Hi there, Mona.
My husband, whom is from Brazil, is leaving me tomorrow to go stay with a friend. He says he needs to clear his head; see if he misses
me; and decide if he still loves me. We have not had any arguments, though I have been concerned over the past month that he is becoming distant
We got married in September last year. We have had the most fantastic relationship until we come back from our holiday in Brazil. Since then he has wanted to be with his gay friends (one in particular) and I have been concerned that he may be having an affair. To make
matters worse, he's now going to stay with this same person that I have my suspicions about.
When I confronted him about the affair he completely dismissed it and said that he didn't feel any love for me and that was why he was leaving. As
well as the fact that he misses his home country and family. We haven't slept together in the same room now for a week and its playing havoc with my
I really don't know what to do. He is everything to me. I so want us to repair this rift and get back to how things used to be. What should I do?
Is it a good idea to let him move out like he suggests and hope that he comes back soon?
I love him of so much.
Dear Paradise Lost,
How can I put this gently? You're being played! There I said it! If you know anything about Mona, you know that she prefers a softer approach, but in your case you need a hard slap in the face. It's not your fault, though. Love has the power to blind us, sometimes beyond repair.
I wonder how long you knew your hubby before you two got married because he seems to stray easily. I can tell you from a distance that his new "friend" is not a friend at all. In a short while he'll come back home with the standard cheater line, "We started off as friends, but there was this unbelievable connection that we just couldn't deny." Then as if flipping the page in the player book, he'll go on to talk about what his friend gives him that you don't. But no matter what he says, he's not coming back. And if in the rare instance he does, it's not because he loves you.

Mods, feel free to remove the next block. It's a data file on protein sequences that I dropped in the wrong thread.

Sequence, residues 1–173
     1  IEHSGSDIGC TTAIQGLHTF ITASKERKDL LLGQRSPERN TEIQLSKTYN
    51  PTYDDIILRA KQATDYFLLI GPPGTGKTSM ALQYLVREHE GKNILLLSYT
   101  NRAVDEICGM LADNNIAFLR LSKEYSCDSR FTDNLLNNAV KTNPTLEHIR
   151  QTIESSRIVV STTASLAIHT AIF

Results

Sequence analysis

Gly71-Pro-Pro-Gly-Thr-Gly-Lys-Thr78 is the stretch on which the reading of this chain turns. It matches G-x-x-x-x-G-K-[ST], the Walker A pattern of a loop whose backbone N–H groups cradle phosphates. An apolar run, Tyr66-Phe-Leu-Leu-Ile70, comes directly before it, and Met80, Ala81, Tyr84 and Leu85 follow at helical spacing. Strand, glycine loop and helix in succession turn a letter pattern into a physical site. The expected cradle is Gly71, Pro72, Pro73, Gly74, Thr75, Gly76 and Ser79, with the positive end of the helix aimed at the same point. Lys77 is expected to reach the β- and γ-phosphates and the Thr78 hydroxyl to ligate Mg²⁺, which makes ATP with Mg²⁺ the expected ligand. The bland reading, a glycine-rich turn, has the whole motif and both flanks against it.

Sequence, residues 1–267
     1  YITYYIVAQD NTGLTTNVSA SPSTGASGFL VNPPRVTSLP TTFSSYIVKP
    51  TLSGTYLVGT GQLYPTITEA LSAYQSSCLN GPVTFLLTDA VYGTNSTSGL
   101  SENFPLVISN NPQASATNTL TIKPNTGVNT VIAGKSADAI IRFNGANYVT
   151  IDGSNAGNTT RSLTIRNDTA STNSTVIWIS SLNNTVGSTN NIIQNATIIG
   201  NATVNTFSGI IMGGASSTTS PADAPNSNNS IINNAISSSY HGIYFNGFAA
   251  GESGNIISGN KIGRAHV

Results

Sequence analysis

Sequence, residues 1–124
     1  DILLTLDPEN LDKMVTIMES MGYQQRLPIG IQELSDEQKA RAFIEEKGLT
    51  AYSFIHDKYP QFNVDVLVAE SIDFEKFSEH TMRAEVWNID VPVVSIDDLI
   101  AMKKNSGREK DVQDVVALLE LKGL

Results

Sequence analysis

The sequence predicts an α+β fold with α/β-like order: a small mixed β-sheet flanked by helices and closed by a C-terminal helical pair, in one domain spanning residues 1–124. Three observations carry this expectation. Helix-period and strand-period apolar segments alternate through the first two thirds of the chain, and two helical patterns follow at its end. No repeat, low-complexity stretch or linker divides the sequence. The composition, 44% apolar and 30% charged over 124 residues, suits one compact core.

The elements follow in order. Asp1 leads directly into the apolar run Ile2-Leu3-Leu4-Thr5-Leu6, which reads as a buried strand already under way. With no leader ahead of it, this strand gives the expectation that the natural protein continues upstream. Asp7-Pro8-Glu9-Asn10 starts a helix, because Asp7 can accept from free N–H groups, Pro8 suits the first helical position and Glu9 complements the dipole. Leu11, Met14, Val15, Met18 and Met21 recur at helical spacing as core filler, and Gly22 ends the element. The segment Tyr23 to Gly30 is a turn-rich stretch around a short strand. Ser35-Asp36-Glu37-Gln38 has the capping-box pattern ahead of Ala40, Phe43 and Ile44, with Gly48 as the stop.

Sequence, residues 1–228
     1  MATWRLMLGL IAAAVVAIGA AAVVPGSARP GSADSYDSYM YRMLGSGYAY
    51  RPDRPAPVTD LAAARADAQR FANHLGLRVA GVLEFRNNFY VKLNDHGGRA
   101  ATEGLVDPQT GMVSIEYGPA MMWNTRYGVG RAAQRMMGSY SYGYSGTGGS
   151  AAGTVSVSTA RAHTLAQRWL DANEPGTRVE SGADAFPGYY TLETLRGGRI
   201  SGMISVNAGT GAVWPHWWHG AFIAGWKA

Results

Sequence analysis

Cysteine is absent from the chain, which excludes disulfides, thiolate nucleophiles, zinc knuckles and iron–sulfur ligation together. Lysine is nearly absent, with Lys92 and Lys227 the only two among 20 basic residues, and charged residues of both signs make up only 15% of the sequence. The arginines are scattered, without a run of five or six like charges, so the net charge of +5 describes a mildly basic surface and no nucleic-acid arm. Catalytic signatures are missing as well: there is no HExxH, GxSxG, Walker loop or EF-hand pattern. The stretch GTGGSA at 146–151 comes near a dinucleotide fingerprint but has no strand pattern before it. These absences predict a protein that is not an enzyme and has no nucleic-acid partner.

I say these tear-jerking things for your own good, my gay friend. You can't be the only one trying to save your marriage and if he's told you flat out that he doesn't love you, then you need to set your heart aside and think practically. If not, you run the danger of turning into one of many failed "I'm gonna win my man back" hopefuls. We don't decide
to love someone—we either do or don't. So, his excuses are nothing but a delay to a breakup. Once he walked out that door with those cowardly lame excuses, his love was gone. The time to evaluate compatability is before marriage, not after.
I know you still love him deelply (and probably will for a while), but if he's willing to leave you after only a year then he's not worth an ounce of Brazilian cachaça. Let him go shack up with his friend. Pretty soon he'll run into that evil Latina we call Karma—the one who's always waiting behind dark corners to right our wrongs. You never know when she'll strike, but she always does. I love a little spice in my life, but I learned a long time ago that Karma is one Latina not to be messed with. Sadly, your ex-husband has a newly scheduled appointment with her coming soon.
It's also unfortunate that Karma can't heal your broken heart, sweetie. Only time can do that. Love has the power to blind us. It sounds like you have a good heart. Just don't let this one tragedy turn it into a permanent ice box. Open your eyes, change the locks, tell your Brazilian beau that your love doesn't need evaluation then move on. Easier said than done, but once you find the strength and see yourself as worth more than someone's fickleness, the pieces will fall into place.
Yours avoiding Karma,